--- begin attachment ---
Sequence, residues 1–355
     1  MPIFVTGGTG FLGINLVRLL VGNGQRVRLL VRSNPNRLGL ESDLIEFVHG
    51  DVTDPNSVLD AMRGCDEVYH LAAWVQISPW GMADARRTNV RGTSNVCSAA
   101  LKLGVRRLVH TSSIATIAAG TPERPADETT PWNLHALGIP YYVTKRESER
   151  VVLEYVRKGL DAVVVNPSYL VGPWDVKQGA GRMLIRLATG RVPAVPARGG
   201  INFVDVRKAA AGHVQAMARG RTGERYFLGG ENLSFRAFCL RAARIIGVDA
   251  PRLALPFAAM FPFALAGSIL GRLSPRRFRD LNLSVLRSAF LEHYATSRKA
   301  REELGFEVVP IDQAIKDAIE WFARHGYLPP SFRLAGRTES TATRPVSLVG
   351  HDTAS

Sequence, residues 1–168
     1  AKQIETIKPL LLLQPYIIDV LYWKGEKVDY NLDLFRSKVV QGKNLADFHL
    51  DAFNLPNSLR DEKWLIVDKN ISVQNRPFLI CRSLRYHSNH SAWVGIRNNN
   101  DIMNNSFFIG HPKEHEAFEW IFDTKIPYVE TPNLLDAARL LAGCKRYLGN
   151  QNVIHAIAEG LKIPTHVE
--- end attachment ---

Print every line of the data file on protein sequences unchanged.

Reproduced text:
Sequence, residues 1–355
     1  MPIFVTGGTG FLGINLVRLL VGNGQRVRLL VRSNPNRLGL ESDLIEFVHG
    51  DVTDPNSVLD AMRGCDEVYH LAAWVQISPW GMADARRTNV RGTSNVCSAA
   101  LKLGVRRLVH TSSIATIAAG TPERPADETT PWNLHALGIP YYVTKRESER
   151  VVLEYVRKGL DAVVVNPSYL VGPWDVKQGA GRMLIRLATG RVPAVPARGG
   201  INFVDVRKAA AGHVQAMARG RTGERYFLGG ENLSFRAFCL RAARIIGVDA
   251  PRLALPFAAM FPFALAGSIL GRLSPRRFRD LNLSVLRSAF LEHYATSRKA
   301  REELGFEVVP IDQAIKDAIE WFARHGYLPP SFRLAGRTES TATRPVSLVG
   351  HDTAS

Sequence, residues 1–168
     1  AKQIETIKPL LLLQPYIIDV LYWKGEKVDY NLDLFRSKVV QGKNLADFHL
    51  DAFNLPNSLR DEKWLIVDKN ISVQNRPFLI CRSLRYHSNH SAWVGIRNNN
   101  DIMNNSFFIG HPKEHEAFEW IFDTKIPYVE TPNLLDAARL LAGCKRYLGN
   151  QNVIHAIAEG LKIPTHVE